In 2010, GAO found Lifeline had limited abilities to detect and prevent ineligible subscribers from enrolling. FCC adopted a reform order in 2012 to enhance Lifeline's internal controls. GAO was asked to examine FCC's reforms. This report discusses, among other objectives, (1) the extent to which Lifeline demonstrates effective performance towards program goals, and (2) steps FCC and USAC have taken to enhance controls over finances, subscribers, and providers, and any weaknesses that might remain.
GAO analyzed documents and interviewed officials from FCC and USAC. GAO analyzed subscriber data from 2014 and performed undercover tests to identify potential improper payment vulnerabilities. The results of GAO's analysis and testing are illustrative, not generalizable.
GAO makes seven recommendations, which FCC generally agreed with, including that FCC take action to ensure the preliminary plans to transfer the USF from a private bank to the U.S. Treasury are finalized and implemented expeditiously.
Recommendations for Executive Action
|Federal Communications Commission||To address control weaknesses and related program-integrity risks we identified in Lifeline, the Chairman of FCC should require Commissioners to review and approve, as appropriate, spending above the budget in a timely manner.|
|Federal Communications Commission||To address control weaknesses and related program-integrity risks we identified in Lifeline, the Chairman of FCC should maintain and disseminate an updated list of state eligibility databases available to Lifeline providers that includes the qualifying programs those databases access to confirm eligibility; this step would help ensure Lifeline providers are aware of state eligibility databases and could also help ensure USAC audits of Lifeline providers can verify that available state databases are being utilized to verify subscriber eligibility.|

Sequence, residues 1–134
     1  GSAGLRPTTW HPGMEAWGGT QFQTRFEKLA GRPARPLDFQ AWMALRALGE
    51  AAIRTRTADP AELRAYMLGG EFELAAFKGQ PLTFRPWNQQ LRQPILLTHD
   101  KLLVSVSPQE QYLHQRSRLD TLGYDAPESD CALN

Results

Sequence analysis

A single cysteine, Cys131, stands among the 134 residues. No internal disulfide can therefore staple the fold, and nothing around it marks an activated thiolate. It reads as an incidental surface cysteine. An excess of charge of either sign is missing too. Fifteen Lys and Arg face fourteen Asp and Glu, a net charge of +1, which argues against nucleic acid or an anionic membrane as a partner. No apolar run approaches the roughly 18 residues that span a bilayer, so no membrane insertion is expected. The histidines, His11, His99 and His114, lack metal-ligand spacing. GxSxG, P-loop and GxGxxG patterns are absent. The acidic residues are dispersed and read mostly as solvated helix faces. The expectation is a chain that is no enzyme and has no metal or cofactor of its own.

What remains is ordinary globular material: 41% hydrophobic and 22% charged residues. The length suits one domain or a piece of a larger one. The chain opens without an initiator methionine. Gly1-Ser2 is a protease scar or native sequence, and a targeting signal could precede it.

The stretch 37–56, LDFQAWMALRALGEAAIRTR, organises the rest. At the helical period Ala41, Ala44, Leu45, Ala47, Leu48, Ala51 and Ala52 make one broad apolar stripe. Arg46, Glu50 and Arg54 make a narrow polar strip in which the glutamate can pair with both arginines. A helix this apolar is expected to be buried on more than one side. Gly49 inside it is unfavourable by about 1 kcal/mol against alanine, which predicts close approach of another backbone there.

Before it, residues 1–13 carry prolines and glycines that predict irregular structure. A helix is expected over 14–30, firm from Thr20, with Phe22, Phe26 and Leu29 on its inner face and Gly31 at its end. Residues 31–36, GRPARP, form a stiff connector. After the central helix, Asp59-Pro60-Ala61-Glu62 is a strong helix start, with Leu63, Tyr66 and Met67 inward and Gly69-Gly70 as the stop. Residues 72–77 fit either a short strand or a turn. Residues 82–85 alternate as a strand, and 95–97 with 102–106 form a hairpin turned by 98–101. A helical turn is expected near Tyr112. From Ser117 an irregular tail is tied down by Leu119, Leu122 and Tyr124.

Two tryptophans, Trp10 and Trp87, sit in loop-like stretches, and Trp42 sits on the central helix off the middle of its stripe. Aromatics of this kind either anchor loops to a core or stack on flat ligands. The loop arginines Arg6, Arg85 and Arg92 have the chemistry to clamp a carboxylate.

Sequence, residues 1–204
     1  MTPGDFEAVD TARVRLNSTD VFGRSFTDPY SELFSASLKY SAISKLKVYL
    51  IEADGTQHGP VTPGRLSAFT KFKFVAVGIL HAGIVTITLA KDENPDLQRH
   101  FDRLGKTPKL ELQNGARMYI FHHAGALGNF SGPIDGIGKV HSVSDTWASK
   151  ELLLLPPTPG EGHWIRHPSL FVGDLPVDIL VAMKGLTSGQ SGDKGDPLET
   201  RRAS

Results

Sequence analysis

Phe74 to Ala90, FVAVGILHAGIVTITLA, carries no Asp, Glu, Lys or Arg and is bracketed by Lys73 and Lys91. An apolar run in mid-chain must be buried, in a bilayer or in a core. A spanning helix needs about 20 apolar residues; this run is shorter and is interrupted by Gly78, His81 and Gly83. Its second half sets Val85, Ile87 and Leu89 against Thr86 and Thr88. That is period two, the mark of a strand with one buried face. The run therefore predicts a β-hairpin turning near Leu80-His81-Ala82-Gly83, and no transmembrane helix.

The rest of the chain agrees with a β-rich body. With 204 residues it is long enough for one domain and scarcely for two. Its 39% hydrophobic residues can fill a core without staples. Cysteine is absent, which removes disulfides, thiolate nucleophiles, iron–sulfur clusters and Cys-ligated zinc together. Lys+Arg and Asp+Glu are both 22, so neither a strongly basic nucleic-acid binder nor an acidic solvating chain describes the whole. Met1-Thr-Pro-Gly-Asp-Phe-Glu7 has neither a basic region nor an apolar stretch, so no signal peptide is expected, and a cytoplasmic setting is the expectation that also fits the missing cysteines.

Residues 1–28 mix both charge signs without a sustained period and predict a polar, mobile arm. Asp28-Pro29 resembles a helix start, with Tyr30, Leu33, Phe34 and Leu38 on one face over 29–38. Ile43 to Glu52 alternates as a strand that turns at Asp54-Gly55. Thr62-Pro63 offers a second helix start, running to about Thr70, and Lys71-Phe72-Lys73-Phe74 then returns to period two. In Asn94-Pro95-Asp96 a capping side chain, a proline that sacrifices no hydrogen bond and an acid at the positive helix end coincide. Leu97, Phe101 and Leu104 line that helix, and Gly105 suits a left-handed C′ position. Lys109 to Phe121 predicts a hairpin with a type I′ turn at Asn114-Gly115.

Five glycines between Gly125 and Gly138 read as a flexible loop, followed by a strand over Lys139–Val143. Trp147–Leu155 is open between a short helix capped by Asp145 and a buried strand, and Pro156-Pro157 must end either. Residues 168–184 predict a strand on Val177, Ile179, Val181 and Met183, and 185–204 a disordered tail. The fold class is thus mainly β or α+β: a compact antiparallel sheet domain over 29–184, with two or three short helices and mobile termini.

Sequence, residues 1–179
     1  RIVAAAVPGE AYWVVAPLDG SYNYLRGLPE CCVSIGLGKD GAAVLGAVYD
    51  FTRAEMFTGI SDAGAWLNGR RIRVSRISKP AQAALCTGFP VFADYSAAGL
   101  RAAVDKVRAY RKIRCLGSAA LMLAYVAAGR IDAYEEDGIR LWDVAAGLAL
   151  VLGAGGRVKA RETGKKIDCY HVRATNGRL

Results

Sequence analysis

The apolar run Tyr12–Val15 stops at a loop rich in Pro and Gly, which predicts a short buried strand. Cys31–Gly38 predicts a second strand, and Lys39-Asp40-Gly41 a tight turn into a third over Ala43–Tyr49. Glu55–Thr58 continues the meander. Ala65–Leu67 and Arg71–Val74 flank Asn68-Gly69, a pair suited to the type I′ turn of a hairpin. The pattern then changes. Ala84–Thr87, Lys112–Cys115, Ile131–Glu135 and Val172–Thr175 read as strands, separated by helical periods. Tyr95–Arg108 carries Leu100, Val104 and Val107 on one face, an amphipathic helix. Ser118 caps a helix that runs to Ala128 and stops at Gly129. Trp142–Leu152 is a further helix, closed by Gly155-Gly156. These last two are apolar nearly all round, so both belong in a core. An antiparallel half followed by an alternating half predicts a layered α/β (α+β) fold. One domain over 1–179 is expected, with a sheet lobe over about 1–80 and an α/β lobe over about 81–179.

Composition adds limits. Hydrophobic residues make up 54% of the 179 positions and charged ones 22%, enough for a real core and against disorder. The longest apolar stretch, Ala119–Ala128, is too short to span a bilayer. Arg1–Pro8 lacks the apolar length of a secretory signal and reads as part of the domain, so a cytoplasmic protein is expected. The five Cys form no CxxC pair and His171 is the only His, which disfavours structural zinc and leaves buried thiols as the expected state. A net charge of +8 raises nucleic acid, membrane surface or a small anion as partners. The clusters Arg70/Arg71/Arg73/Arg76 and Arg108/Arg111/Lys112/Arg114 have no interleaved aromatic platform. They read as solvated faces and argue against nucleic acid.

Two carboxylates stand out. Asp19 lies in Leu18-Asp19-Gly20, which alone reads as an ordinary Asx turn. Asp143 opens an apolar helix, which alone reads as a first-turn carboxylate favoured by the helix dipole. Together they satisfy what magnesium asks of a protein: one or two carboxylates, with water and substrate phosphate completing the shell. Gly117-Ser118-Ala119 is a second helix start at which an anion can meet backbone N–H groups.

|Federal Communications Commission||To address control weaknesses and related program-integrity risks we identified in Lifeline, the Chairman of FCC should establish time frames to evaluate compliance plans and develop instructions with criteria for FCC reviewers how to evaluate these plans to meet Lifeline's program goals.|
|Federal Communications Commission||To address control weaknesses and related program-integrity risks we identified in Lifeline, the Chairman of FCC should develop an enforcement strategy that details what violations lead to penalties and apply this as consistently as possible to all Lifeline providers to ensure consistent enforcement of program violations; the strategy should include a rationale and method for resource prioritization to help maximize the effectiveness of enforcement activities.|
|Federal Communications Commission||To address our findings regarding the USF, the Chairman of FCC should take action to ensure that the preliminary plans to transfer the USF funds from the private bank to the U.S. Treasury are finalized and implemented as expeditiously as possible.|
|Federal Communications Commission||To address our findings regarding the USF, the Chairman of FCC should take action to require a review of customer bills as part of the contribution audit to include an assessment of whether the charges, including USF fees, meet FCC Truth-in-Billing rules with regard to labeling, so customer bills are transparent, and appropriately labeled and described, to help consumers detect and prevent unauthorized charges.|
|Federal Communications Commission||To address our findings regarding the USF, the Chairman of FCC should take action to respond to USAC requests for guidance and address pending requests concerning USF contribution requirements to ensure the contribution factor is based on complete information and that USF pass-through charges are equitable.|